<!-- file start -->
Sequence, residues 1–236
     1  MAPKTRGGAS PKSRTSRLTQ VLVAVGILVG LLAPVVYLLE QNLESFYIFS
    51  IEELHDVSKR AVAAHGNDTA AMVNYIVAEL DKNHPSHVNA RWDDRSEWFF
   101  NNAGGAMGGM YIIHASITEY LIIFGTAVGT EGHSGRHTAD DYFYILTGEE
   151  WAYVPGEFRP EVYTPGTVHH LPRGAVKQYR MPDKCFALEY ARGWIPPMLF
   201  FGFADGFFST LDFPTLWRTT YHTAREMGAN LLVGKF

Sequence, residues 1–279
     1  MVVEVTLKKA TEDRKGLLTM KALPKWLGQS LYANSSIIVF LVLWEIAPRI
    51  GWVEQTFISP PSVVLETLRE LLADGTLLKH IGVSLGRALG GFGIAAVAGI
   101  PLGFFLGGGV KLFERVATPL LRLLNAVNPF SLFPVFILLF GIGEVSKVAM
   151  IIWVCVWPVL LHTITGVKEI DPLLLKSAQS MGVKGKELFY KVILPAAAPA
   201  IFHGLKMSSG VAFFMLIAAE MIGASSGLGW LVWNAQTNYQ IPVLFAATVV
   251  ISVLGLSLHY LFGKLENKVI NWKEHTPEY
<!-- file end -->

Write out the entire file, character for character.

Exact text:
Sequence, residues 1–236
     1  MAPKTRGGAS PKSRTSRLTQ VLVAVGILVG LLAPVVYLLE QNLESFYIFS
    51  IEELHDVSKR AVAAHGNDTA AMVNYIVAEL DKNHPSHVNA RWDDRSEWFF
   101  NNAGGAMGGM YIIHASITEY LIIFGTAVGT EGHSGRHTAD DYFYILTGEE
   151  WAYVPGEFRP EVYTPGTVHH LPRGAVKQYR MPDKCFALEY ARGWIPPMLF
   201  FGFADGFFST LDFPTLWRTT YHTAREMGAN LLVGKF

Sequence, residues 1–279
     1  MVVEVTLKKA TEDRKGLLTM KALPKWLGQS LYANSSIIVF LVLWEIAPRI
    51  GWVEQTFISP PSVVLETLRE LLADGTLLKH IGVSLGRALG GFGIAAVAGI
   101  PLGFFLGGGV KLFERVATPL LRLLNAVNPF SLFPVFILLF GIGEVSKVAM
   151  IIWVCVWPVL LHTITGVKEI DPLLLKSAQS MGVKGKELFY KVILPAAAPA
   201  IFHGLKMSSG VAFFMLIAAE MIGASSGLGW LVWNAQTNYQ IPVLFAATVV
   251  ISVLGLSLHY LFGKLENKVI NWKEHTPEY